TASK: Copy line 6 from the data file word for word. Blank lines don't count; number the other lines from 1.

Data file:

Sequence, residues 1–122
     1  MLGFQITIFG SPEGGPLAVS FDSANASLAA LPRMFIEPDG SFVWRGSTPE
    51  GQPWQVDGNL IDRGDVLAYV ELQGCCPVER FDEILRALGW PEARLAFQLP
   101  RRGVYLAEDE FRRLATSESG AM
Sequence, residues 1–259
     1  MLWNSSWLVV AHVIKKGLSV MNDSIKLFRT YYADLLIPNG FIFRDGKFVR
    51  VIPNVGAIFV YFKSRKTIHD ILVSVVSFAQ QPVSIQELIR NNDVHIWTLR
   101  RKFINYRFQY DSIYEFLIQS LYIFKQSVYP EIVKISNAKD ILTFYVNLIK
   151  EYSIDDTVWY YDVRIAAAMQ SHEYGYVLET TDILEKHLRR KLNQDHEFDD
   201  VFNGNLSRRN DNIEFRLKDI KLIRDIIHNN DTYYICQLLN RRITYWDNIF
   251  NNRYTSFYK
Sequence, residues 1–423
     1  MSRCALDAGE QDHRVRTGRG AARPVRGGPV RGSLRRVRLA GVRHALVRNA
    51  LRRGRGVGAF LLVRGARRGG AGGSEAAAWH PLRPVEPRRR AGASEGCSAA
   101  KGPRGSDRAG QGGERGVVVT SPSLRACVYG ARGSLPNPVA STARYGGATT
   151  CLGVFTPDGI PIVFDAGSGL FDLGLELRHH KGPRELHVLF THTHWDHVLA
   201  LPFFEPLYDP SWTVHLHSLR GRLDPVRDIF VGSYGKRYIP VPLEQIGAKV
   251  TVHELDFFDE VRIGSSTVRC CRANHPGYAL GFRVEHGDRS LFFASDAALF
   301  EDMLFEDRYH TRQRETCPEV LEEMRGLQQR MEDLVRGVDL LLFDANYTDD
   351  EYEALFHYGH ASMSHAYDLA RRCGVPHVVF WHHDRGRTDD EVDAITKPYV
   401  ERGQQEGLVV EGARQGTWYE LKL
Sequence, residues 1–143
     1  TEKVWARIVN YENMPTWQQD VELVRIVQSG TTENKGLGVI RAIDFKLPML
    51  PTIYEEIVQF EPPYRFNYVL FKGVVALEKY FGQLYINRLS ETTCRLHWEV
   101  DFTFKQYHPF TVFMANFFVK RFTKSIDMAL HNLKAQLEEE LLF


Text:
     1  MLWNSSWLVV AHVIKKGLSV MNDSIKLFRT YYADLLIPNG FIFRDGKFVR